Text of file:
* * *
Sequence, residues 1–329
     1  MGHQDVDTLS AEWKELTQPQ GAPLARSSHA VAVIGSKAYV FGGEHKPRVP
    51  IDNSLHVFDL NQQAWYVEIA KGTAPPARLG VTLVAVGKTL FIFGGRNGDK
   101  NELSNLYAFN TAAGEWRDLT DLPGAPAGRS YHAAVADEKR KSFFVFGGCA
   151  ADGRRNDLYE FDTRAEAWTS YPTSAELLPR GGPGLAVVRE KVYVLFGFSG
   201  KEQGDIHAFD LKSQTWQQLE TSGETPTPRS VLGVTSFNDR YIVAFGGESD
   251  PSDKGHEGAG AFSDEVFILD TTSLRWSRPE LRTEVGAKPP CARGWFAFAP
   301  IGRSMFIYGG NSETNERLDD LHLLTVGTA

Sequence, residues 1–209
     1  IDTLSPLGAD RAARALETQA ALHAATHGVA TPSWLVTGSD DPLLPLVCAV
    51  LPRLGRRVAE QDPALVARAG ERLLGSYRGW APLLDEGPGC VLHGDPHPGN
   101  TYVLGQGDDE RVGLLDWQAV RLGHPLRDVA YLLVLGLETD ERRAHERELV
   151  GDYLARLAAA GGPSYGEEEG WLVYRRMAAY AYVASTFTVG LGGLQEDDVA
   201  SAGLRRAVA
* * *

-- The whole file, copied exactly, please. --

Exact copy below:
Sequence, residues 1–329
     1  MGHQDVDTLS AEWKELTQPQ GAPLARSSHA VAVIGSKAYV FGGEHKPRVP
    51  IDNSLHVFDL NQQAWYVEIA KGTAPPARLG VTLVAVGKTL FIFGGRNGDK
   101  NELSNLYAFN TAAGEWRDLT DLPGAPAGRS YHAAVADEKR KSFFVFGGCA
   151  ADGRRNDLYE FDTRAEAWTS YPTSAELLPR GGPGLAVVRE KVYVLFGFSG
   201  KEQGDIHAFD LKSQTWQQLE TSGETPTPRS VLGVTSFNDR YIVAFGGESD
   251  PSDKGHEGAG AFSDEVFILD TTSLRWSRPE LRTEVGAKPP CARGWFAFAP
   301  IGRSMFIYGG NSETNERLDD LHLLTVGTA

Sequence, residues 1–209
     1  IDTLSPLGAD RAARALETQA ALHAATHGVA TPSWLVTGSD DPLLPLVCAV
    51  LPRLGRRVAE QDPALVARAG ERLLGSYRGW APLLDEGPGC VLHGDPHPGN
   101  TYVLGQGDDE RVGLLDWQAV RLGHPLRDVA YLLVLGLETD ERRAHERELV
   151  GDYLARLAAA GGPSYGEEEG WLVYRRMAAY AYVASTFTVG LGGLQEDDVA
   201  SAGLRRAVA